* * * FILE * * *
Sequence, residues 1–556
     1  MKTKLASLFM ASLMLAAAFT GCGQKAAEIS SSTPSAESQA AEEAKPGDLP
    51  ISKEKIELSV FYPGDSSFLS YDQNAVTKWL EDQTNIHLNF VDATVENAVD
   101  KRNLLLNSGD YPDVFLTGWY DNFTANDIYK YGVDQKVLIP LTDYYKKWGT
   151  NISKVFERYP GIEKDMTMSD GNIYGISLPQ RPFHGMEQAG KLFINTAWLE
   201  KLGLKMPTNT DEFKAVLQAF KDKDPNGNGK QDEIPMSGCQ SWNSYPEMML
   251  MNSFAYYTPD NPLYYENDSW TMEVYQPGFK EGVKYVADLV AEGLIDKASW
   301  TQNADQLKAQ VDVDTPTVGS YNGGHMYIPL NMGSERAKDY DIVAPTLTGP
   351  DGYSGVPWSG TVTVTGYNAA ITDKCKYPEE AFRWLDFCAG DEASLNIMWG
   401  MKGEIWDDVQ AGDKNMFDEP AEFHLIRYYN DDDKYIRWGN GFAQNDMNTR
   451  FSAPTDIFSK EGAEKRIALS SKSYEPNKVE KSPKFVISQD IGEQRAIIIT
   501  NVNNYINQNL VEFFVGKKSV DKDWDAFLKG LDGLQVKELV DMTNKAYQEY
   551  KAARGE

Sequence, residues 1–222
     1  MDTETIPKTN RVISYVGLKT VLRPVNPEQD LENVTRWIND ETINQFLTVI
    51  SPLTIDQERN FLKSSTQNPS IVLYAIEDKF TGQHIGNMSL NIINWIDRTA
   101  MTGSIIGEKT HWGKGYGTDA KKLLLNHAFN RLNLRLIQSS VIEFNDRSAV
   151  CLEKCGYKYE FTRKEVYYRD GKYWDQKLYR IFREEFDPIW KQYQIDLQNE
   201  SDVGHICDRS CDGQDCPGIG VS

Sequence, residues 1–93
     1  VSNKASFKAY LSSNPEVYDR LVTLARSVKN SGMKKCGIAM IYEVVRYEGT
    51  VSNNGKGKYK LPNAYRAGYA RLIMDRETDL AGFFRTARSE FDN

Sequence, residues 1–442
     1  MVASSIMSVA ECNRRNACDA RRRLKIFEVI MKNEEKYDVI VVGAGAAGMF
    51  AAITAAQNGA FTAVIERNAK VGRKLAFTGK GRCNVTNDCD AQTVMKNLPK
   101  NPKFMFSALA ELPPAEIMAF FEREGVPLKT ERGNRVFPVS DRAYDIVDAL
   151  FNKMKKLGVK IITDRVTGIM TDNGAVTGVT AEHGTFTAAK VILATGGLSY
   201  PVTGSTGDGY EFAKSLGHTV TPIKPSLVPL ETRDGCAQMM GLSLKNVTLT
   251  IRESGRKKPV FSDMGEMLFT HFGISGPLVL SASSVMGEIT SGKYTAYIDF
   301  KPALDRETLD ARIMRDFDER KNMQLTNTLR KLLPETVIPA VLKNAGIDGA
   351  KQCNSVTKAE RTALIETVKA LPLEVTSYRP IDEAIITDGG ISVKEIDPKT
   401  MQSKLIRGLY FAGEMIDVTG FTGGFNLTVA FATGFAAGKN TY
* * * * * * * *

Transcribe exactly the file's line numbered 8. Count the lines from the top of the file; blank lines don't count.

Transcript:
   301  TQNADQLKAQ VDVDTPTVGS YNGGHMYIPL NMGSERAKDY DIVAPTLTGP